Turns out Ridnour thrives alongside Rubio

Turns out Ridnour thrives alongside Rubio

Published Jan. 17, 2012 12:00 p.m. ET

MINNEAPOLIS — With his downturned gaze and slight figure, Luke Ridnour's 6-foot-2 frame is just average enough to render him normal.

He'd be hard to recognize on the street, where many NBA players draw stares for nothing more than their sheer size, and there aren't crowds of fans wearing Ridnour jerseys dotting the stands at the Target Center each night — at least not yet.

But that's the atmosphere in which the Timberwolves guard has learned to thrive this year: Beside the spotlight rather than in it. In being forced to search for a role, Ridnour has found one, to more success than he's yet seen in Minnesota.

With the arrival of two point guards — rookie Ricky Rubio and veteran J.J. Barea — before the season, it may have seemed as if there was no place for Ridnour on the 2012 Timberwolves squad. But with the addition of Rubio to the starting lineup and Barea's injury, Ridnour's played his way into a new set of responsibilities, and he's having what could become a career year.

"We think he's a solid player, and he came in, and even when we traded for J.J. he didn't get flustered," coach Rick Adelman said of Ridnour's experience this season. "I knew all along that I was going to play two point guards together, so in my mind it made a lot of sense."

Ridnour began the season as the team's starting point guard, and amid fans' chants for Rubio to enter the game, he was quietly impressive, shooting 52.3 percent from the field and averaging 8.3 points in December. Perhaps he used those cheers as motivation, or perhaps he just blocked them out. Regardless, Ridnour's been playing absent a spotlight, and at times his big games have been forgotten at the expense of a rabid need to document nearly every move his rookie counterpart makes. It takes nothing more than a simple pass for Rubio to impress, but for Ridnour to draw cheers, he needs to be nothing short of amazing.

Still, Ridnour claims not to care, not to notice and maybe that's the key. Because even as he went on to finish with a 19-point night against San Antonio and 22 points against Chicago, his role was still in transition.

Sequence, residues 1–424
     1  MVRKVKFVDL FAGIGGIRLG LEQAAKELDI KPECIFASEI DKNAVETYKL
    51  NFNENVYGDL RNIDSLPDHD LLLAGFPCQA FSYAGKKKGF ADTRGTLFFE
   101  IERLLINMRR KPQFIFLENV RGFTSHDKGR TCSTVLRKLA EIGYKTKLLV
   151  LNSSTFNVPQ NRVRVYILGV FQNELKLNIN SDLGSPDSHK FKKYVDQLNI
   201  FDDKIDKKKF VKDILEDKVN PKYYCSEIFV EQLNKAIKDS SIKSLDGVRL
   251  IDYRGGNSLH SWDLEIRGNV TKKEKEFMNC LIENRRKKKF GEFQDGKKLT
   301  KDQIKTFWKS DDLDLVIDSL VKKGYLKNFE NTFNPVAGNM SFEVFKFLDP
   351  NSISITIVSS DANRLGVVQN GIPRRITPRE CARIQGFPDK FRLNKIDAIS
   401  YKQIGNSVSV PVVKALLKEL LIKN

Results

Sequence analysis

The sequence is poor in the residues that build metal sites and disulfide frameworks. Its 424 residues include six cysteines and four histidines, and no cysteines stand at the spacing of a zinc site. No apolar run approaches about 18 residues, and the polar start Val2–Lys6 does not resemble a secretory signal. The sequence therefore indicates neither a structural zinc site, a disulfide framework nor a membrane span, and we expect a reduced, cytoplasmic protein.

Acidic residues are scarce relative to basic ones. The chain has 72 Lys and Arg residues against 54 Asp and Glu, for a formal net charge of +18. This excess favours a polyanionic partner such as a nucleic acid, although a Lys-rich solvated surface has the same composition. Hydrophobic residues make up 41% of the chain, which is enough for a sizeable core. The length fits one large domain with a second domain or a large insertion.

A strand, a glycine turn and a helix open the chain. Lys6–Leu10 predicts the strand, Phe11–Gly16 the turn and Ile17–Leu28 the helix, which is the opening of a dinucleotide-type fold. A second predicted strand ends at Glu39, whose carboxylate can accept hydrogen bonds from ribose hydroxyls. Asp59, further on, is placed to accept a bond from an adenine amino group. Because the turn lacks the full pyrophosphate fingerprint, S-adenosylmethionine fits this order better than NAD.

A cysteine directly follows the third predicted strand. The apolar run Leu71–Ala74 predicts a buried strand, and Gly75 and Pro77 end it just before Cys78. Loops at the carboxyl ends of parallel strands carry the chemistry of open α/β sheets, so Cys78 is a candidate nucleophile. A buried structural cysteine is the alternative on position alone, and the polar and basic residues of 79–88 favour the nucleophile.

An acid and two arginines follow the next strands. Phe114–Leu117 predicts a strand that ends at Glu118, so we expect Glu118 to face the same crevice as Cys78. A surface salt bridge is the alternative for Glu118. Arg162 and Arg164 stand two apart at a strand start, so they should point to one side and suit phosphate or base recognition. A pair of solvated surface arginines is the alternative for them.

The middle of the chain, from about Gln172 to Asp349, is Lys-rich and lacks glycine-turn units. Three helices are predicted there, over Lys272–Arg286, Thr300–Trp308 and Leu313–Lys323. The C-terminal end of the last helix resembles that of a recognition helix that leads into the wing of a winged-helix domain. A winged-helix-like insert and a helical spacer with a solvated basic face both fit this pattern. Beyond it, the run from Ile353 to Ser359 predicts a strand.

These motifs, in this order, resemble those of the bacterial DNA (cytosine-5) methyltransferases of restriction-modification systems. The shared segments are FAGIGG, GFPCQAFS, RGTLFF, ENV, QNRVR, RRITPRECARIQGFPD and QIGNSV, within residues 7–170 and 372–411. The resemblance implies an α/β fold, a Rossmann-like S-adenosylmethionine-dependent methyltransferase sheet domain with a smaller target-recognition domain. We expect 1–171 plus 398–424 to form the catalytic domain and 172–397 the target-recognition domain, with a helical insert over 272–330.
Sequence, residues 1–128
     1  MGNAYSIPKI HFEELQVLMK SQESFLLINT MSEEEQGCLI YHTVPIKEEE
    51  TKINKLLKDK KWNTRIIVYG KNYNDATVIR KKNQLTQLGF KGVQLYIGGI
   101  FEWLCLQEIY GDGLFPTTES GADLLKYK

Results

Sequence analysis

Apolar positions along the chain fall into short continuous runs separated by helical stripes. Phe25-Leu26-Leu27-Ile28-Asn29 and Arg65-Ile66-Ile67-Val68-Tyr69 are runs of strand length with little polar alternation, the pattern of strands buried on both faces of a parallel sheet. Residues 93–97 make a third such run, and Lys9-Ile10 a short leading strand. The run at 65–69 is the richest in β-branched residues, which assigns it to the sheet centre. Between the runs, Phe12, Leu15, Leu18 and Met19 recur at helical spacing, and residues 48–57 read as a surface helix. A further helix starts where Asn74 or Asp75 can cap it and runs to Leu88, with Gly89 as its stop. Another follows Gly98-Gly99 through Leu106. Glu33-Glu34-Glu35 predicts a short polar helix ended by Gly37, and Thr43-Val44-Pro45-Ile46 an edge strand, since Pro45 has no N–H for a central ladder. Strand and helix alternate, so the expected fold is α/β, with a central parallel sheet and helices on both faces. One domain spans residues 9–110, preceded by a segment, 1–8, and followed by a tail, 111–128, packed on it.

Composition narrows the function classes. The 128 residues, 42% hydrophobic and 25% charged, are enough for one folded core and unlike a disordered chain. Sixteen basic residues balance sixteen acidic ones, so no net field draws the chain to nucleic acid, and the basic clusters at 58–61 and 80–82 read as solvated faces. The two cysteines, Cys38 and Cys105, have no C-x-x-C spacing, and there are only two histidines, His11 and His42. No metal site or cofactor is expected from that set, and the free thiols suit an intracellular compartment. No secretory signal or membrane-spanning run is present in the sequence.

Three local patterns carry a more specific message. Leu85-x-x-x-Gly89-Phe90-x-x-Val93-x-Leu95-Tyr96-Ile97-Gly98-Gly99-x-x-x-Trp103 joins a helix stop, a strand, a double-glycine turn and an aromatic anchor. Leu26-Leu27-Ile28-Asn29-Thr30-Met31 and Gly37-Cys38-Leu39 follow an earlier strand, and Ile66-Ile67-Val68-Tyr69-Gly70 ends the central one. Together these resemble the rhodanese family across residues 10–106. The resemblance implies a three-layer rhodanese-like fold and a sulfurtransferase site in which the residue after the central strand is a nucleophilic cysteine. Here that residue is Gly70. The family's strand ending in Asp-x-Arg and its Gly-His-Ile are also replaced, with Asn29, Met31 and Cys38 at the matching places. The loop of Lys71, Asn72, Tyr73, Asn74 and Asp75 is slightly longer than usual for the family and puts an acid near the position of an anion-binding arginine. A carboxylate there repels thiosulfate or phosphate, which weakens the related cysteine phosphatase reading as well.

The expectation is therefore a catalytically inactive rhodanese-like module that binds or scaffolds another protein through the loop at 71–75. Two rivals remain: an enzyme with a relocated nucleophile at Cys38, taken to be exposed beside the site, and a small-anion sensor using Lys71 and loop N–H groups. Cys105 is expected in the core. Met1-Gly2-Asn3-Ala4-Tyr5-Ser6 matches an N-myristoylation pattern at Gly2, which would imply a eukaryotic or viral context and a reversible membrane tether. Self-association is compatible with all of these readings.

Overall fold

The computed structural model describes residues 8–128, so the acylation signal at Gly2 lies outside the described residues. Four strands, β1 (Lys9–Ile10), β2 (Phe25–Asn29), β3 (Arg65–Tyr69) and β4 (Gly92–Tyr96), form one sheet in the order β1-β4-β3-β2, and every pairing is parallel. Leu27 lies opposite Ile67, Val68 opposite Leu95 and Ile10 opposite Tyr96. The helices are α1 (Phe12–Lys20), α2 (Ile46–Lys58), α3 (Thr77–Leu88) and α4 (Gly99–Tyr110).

The same evening Ridnour finished with those 22 points — he also made all three of his three-point shots and shot 72.7 percent from the field — Adelman began to discuss lineup changes. His team needed something, anything, to energize it, and that meant inserting Rubio as a starter. With that move, Ridnour was forced into more of a shooting guard role, and on Monday fans got to see the full effects of what the Rubio-Ridnour tandem can do.

The two combined for 34 points and 17 assists, but Ridnour stole the spotlight with his 25-point performance. He was perfect from beyond the three-point arc and shot 71.4 percent from the field, capping off what was his highest-scoring night since 2006.

"He's just taking advantage of opportunities he has," Kevin Love said. "He's knocking down open shots. He's really taken the reins of the team."

For Ridnour, his recent individual success is encouraging, but he's even happier with what he and Rubio are doing for their team. They've held their own on defense, with Ridnour successfully defending players with more size and strength, and they've run a fast-paced, pass-driven offense that's led to three straight 30-point nights for Love. The team is 2-1 since Adelman moved Rubio into the starting lineup, and for now, it seems like the most viable adjustment the new coach has made.

"It kind of just puts a little more pressure on the defense," Ridnour said of playing alongside Rubio. "There's two guys that can handle it. He passes the ball so well, you just kind of run the floor and try to make plays when you get a chance."

There's a lot to be said about Ridnour, both on and off the court. He's a seasoned veteran, Love said, the kind of guy who takes care of himself and his game. He's a great role model, according to Rubio, who's made the rookie's transition even easier. He's unflappable. He's modest. He wants nothing more than to win.

The list could go on.

But for Adelman, it's simpler than that. Although Monday's game was a standout performance, a big night for a solid player, Ridnour's provided the stability and consistency of a veteran who's played on winning teams. And as a coach who still has so many questions about his squad, that's exactly what Adelman needs.

"Luke was terrific," Adelman said.

And on Monday night, there was no need to say anything more.

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